LETTERS TO THE EDITOR - Libraries should put aside differences and listen


We are county residents with a 4-year-old son. We enjoy the Walla Walla Public Library and take great advantage of the programs it offers for our area's children. Currently we have checked out five books and three children's DVDs and we routinely rotate our stock.

Our son loves going to the library to pick out new books, movies, play with the toys, learn computer skills, listen to stories offered at the regular weekly "story times," socialize, play and visit, in addition to other events such as the recent "Meet the Sweets."

We regularly see lots of friends and make new ones at the library. Going to the library is like going to the grocery store for us; just part of what we do. As county residents, come the end of this year, we will no longer be able to partake in this deep integral part of our family value system if the two separate library systems cannot come up with an equitable agreement to share services.

Why is there not a "Walla Walla" library system in this area that incorporates both city and county interests?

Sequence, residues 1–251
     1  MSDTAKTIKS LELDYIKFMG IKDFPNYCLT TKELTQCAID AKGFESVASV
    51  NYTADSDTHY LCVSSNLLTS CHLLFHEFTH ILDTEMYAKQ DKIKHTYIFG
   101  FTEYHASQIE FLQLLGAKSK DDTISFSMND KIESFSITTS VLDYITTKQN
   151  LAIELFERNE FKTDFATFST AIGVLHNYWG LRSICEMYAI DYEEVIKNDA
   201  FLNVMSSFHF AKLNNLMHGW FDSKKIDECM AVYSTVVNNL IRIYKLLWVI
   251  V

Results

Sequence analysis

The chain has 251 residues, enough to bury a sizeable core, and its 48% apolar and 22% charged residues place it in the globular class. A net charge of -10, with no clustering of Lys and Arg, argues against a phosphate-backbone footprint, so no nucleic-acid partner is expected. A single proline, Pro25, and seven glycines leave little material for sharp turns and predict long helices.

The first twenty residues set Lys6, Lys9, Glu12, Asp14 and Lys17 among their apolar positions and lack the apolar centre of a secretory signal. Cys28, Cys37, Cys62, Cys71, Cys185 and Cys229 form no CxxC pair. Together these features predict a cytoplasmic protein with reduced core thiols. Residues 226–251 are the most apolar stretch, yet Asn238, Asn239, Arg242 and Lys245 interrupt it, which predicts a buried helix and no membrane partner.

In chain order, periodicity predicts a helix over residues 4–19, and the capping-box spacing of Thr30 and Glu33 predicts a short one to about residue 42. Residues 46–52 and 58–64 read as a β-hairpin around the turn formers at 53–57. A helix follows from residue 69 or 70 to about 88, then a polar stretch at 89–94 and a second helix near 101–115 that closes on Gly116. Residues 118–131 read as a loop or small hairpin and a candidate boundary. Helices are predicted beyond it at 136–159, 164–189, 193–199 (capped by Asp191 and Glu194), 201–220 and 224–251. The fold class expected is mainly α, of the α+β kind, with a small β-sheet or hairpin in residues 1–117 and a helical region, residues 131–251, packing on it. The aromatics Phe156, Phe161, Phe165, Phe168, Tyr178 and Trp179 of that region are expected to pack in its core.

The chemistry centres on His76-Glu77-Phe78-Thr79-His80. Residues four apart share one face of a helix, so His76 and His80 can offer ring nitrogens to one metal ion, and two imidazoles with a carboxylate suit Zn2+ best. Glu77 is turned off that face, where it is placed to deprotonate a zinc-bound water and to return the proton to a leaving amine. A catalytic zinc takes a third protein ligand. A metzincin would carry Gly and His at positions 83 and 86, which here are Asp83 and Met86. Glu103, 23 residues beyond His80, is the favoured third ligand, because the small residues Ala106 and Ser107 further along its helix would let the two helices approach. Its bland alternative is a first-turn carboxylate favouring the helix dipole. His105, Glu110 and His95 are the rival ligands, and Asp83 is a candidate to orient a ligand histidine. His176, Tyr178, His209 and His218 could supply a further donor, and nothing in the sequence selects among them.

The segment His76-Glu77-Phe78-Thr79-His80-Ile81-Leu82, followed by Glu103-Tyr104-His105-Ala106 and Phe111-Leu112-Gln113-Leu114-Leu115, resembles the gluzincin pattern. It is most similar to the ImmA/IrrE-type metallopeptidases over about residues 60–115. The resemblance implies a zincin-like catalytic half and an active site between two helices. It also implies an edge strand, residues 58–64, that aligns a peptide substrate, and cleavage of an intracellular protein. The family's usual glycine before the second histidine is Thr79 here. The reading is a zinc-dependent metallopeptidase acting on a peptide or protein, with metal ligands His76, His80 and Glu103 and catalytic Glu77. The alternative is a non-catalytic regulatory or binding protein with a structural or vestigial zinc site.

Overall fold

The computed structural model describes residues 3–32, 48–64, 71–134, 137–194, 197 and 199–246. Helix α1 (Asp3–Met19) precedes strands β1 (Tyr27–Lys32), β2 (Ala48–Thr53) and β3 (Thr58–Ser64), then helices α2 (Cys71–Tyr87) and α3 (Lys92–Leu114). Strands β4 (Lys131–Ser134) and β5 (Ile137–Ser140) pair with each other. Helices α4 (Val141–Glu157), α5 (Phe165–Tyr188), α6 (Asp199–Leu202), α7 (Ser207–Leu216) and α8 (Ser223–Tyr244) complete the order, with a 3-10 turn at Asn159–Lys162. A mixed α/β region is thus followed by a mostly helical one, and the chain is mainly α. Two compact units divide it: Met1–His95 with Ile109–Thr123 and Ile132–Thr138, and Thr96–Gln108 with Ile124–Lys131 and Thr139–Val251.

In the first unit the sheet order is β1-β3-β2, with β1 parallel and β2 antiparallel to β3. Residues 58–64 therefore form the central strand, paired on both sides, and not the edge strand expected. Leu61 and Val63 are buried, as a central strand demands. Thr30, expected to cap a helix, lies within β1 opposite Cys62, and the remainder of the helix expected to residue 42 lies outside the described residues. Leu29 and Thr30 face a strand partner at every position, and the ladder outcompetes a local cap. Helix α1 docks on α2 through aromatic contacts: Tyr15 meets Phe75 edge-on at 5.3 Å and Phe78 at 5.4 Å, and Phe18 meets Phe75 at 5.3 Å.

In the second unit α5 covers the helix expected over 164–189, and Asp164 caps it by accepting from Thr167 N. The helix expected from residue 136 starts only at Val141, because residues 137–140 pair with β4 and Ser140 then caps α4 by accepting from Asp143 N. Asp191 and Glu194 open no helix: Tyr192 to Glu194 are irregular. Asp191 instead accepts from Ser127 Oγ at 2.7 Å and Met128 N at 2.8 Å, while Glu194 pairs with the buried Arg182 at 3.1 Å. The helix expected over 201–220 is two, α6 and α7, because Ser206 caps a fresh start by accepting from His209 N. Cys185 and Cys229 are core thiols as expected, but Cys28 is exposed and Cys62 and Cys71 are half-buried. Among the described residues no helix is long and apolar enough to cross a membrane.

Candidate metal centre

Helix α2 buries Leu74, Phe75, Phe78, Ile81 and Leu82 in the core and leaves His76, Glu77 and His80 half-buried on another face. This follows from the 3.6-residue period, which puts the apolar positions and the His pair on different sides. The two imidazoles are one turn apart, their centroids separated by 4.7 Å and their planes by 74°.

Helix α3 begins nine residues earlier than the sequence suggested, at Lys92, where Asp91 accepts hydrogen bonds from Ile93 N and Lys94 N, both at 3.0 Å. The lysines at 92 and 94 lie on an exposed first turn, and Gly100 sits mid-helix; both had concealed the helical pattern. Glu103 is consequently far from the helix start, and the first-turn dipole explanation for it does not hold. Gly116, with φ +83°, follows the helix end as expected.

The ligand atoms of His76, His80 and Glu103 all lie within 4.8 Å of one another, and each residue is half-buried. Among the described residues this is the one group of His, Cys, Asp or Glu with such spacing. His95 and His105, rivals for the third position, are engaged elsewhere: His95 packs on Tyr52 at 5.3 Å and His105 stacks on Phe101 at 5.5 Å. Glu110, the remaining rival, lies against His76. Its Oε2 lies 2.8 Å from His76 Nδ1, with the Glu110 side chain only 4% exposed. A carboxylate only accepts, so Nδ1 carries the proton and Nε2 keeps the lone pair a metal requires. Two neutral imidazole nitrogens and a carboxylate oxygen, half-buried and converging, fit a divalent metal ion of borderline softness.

We have been part of the Multnomah County Library in Portland and the Spokane County Library - both operate as integrated city/county library systems. Why are there two systems in this area, and why can't they work together?

I know from the friends and faces we see at the library there are a great many others like us who will no longer be eligible to take advantage of this wonderful service. As many people have vocalized, it is difficult to understand why the Rural Library District feels the need to spend existing funds and probably borrow more to build another library and duplicate services that already exist.

Why not create an integrated system, as shown effective in other areas? Use the combined resources to improve the facilities and services at the existing WWPL as a central hub and enhance satellite locations to serve outlying areas.

I think the community has many doable options. If the RLD and the WWPL could put their differences aside and simply listen, hearing some of those, imagine what we could all come together to create, not only for us now, but for our kids and our future.

Kelly Gorton

Walla Walla


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